As of February 20, 1998, the IRS had 250,239 uncommitted components. Ninety-two percent (231,103) of the IRSí total inventory of uncommitted components consisted of personal computer cOTS products.
The IRS initiated an effort to clean-up the inventory of hardware and software on its inventory system, known as the Integrated Network and Operations Management System (INOMS). This clean-up activity involved standardization of product names and assignment of organizational ownership on INOMS.
components scheduled for retirement
As of February 20, 1998, the IRS had 11,547 components scheduled to be retired. The century Date change (cDc) Project Office mandated that all components scheduled for retirement be retired by January 31, 1999.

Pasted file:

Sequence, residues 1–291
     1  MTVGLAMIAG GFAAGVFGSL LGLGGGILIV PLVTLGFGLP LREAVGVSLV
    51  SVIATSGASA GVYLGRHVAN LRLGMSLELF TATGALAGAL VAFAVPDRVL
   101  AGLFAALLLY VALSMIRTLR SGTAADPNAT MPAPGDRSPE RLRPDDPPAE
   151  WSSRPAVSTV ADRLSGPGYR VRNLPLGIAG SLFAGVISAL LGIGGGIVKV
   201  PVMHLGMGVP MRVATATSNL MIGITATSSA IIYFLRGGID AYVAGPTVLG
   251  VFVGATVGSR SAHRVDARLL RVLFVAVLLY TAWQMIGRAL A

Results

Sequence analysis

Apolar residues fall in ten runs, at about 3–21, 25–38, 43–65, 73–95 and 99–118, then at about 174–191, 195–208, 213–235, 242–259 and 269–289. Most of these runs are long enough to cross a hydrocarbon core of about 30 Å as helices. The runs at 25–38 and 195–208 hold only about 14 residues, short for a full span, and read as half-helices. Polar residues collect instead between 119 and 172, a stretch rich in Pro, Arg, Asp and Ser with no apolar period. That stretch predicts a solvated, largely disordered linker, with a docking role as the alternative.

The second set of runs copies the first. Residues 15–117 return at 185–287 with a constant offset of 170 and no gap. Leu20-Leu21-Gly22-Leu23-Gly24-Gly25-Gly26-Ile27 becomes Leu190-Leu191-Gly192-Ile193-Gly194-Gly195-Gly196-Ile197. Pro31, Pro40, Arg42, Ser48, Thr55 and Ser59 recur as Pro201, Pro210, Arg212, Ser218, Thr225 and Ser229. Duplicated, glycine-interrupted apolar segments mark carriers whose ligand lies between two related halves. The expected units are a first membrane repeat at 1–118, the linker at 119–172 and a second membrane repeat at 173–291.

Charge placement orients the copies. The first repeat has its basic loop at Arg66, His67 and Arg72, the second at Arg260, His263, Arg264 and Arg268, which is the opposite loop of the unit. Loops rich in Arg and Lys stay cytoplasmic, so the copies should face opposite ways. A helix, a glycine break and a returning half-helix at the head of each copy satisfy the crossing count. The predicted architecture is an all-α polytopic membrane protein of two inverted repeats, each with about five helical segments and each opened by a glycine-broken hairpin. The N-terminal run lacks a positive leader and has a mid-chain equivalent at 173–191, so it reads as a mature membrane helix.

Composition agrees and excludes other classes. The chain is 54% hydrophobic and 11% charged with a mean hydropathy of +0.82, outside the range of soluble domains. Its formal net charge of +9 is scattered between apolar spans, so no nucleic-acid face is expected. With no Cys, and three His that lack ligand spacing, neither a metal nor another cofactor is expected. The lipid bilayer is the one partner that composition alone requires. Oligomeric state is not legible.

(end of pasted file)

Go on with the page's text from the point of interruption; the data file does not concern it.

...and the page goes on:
IS and field and customer organizations generally made logical and sound decisions when evaluating the need to retire or convert their computer components. However, we identified several areas where greater emphasis is needed.
The Decision-Making Process to Retire or convert Personal computer components in Regions and Service centers Was Not completed
Accelerating the retirement and conversion process for personal computer products
The cDc Project Office established a deadline of September 30, 1998, for field and customer organizations to make their conversion and retirement decisions.
In a July 1998 Audit memorandum, we identified the following concerns that indicated the retirement and conversion process needed to be accelerated. IRS management has addressed our concerns and is taking the proper corrective actions.
The location of these workstations had not been determined. The decisions whether to upgrade or replace them had also not been made.
Inventory data concerning personal computer products was distributed to the regions and service centers in late May 1998. The decision-making process to determine the retirement or conversion status of individual cOTS products began at that time.